Wednesday, September 29, 2010

Swim Lesson For Son Teaches Parents, Too

My son has been taking swimming lessons for about two years with very little to show for it.

Until now.

Kai is a boy who is afraid of many things, and getting his face wet and being in a pool is one of them. He did have a bit of success with his first instructor, Jody, who had some experience working with kids on the spectrum. It took awhile, but, after several months, Jody was able to get Kai to kind of, sort of swim, about eight feet, with his face in the water.

Things went downhill, though, when Jody got promoted up to management and was no longer available to teach Kai. Without Jody, Kai’s fears in the pool immediately returned. He would constantly cry, “I’m scared” and do nothing but cling to his coach or to the side of the pool. We went through a number of different instructors, but none had any experience working with kids like Kai, and it showed. After several months of this, we stopped the lessons.

A few weeks ago, my wife heard from the grandmother of one of Kai’s classmates that her grandson was taking swim lessons from a young man named James. She raved about how good he was. The name rang a bell and he turned out to be the same person who was referred to us two years before. Back then, James’ schedule was completely booked and we were disappointed that he could not work with our son. And, so, we settled for the instructors who did not turn out to be very good. Now, with nothing to lose, we tried calling James again, thinking his schedule would again be full, but this time he was able to fit Kai in.

At his first lesson with James, Kai, per usual, cried out, “I’m scared!” James gave him a floating barbell to hang on to, but did not let Kai get close enough to cling to him. Instead, he kept talking to him, calmly, patiently.

James had prepared by speaking with me extensively on the phone ahead of the lesson. He had learned that Kai was extremely motivated by numbers. And so, with Kai showing some anxiety, James gave him the three steps to becoming a good swimmer. Number one: kick. Number two: extend your arms. Number three: make the “wooo” sound which James showed how to make by “wooing” while putting his face in the water.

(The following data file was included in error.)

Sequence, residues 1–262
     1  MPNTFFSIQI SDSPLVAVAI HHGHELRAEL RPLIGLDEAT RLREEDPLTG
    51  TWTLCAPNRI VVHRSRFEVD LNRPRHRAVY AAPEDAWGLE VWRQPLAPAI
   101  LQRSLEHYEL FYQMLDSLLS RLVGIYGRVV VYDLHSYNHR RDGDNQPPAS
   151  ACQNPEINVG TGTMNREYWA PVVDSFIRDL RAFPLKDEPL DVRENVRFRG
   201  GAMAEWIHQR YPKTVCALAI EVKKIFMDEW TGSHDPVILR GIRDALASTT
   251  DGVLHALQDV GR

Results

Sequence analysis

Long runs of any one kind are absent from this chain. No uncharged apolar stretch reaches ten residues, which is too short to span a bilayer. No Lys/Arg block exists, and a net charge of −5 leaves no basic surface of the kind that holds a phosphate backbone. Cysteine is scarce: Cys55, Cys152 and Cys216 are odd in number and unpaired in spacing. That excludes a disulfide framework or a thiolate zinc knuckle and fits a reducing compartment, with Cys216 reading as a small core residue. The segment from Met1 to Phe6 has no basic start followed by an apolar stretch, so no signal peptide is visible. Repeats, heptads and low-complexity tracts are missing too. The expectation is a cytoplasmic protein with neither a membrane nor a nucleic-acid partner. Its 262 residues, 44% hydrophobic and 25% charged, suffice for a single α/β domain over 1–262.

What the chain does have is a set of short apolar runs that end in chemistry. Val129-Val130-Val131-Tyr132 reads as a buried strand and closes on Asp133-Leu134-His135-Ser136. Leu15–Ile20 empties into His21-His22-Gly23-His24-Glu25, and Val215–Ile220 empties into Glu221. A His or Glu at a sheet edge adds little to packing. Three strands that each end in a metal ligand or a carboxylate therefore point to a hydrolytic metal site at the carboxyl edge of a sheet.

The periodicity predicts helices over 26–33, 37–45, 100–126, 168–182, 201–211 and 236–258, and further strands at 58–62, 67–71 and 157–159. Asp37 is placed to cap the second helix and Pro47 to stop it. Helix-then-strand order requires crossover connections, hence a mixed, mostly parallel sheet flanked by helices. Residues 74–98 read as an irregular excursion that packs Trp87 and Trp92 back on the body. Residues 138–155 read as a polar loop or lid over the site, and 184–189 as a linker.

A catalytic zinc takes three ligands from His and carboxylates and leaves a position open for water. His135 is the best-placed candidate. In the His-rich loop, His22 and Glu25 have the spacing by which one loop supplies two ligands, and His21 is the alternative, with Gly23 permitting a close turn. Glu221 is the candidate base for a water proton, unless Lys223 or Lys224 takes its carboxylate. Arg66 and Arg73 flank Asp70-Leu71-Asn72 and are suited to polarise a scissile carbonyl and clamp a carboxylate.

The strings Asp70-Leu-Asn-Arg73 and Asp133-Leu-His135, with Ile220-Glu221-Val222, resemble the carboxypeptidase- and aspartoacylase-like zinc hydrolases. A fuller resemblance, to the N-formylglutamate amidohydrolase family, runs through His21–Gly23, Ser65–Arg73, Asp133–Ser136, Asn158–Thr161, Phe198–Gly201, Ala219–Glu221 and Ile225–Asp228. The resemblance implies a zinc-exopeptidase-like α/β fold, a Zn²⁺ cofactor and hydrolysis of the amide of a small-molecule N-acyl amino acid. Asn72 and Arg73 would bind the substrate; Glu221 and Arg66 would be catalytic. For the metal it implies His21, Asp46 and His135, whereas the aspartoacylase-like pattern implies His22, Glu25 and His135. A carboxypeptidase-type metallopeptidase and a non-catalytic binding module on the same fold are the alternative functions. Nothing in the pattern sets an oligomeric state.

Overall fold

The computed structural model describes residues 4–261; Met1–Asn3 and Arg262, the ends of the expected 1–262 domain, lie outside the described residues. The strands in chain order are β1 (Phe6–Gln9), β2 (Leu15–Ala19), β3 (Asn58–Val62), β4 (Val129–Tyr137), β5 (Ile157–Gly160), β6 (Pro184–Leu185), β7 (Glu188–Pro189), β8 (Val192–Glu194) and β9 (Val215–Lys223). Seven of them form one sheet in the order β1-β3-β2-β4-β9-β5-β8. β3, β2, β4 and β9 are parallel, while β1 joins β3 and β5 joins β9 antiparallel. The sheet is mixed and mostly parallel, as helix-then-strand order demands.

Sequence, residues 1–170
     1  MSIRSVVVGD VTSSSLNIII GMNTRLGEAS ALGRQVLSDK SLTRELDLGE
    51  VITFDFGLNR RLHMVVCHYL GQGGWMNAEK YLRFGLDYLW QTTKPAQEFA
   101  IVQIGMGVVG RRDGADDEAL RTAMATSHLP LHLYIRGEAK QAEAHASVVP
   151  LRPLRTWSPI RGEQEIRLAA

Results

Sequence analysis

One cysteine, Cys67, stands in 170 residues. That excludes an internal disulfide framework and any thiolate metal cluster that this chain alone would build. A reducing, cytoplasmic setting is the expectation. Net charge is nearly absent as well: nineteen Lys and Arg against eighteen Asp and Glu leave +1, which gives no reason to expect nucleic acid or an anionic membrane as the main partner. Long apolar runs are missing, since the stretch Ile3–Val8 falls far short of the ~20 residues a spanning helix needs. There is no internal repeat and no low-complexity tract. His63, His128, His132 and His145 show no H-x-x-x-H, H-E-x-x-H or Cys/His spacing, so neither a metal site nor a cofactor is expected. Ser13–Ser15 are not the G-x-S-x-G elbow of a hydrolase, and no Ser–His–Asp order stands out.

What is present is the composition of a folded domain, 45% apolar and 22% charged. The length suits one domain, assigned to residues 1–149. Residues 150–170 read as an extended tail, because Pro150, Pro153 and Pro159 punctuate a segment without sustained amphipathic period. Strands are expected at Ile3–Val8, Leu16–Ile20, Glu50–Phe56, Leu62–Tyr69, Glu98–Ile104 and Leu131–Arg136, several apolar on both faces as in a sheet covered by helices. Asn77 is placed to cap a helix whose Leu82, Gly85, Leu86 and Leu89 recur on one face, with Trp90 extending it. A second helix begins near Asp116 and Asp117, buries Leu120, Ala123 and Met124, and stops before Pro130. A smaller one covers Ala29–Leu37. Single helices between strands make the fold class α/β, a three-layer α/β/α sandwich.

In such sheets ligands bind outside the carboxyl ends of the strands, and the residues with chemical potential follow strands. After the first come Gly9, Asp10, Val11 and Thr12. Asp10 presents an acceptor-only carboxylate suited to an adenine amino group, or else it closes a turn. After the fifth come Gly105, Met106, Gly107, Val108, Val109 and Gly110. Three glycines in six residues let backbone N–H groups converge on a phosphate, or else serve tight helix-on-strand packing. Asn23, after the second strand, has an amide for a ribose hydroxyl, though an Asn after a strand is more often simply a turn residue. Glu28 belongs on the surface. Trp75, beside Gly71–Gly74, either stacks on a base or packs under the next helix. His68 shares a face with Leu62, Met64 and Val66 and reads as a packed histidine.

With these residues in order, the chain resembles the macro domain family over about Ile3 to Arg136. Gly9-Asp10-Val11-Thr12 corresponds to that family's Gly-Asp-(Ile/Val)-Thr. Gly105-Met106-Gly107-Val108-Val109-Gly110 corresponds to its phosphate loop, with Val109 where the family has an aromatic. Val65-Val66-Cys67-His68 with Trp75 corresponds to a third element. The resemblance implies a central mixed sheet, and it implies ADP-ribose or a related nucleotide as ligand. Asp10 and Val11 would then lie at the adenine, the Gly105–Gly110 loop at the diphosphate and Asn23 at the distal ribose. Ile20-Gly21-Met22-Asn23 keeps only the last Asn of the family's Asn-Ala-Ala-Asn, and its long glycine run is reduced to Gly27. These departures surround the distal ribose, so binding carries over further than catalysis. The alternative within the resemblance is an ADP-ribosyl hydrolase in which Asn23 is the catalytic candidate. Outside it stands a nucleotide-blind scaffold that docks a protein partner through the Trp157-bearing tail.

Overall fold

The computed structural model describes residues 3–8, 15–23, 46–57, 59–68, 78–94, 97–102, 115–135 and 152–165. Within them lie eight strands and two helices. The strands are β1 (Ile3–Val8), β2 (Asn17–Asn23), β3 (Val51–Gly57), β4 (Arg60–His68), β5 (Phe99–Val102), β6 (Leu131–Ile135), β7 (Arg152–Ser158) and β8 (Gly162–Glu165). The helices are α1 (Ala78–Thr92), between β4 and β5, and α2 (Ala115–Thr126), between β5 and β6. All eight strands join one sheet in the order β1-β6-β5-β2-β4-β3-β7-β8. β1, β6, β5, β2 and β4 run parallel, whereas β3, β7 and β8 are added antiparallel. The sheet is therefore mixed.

They practiced each step individually near the side of the pool. Then, with James holding onto the barbell, Kai tentatively moved away from the side. He kicked his way to a platform in the middle of the pool. More practice, and then, with his arms extended further and moving less tentatively, he was able to kick his way back to the side of the pool. Next, it was time to put it all together. Kai put his face under water. “Woooo!” he said as he kicked and moved along.

Now, I don’t want to make it sound like Kai did not protest through this at all. He did. But, whenever he did, James kept him from getting overly panicked. He talked to him. He joked with him. He even distracted him with multiplication problems. “What’s six times five?” “30.” “Keep kicking.” “Seven times six?” “42.” “Wooo!”

At some point, without Kai realizing it, James no longer held on to the barbell. Kai was moving completely on his own. When James pointed that out to Kai, he understood that he was going to be okay. After all the past failures, I could hardly believe it when I saw Kai moving on his own for the whole length of the pool.

With that, in just one lesson, Kai overcame his fear of the water and began swimming.

And, with that, we learned some lessons, too. Not all swim instructors are the same. When you have a child with special needs, it pays to find one who really knows how to work with kids like yours. And, we also learned that Kai is capable of learning how to swim after all.

I can’t wait to see what lesson two brings.

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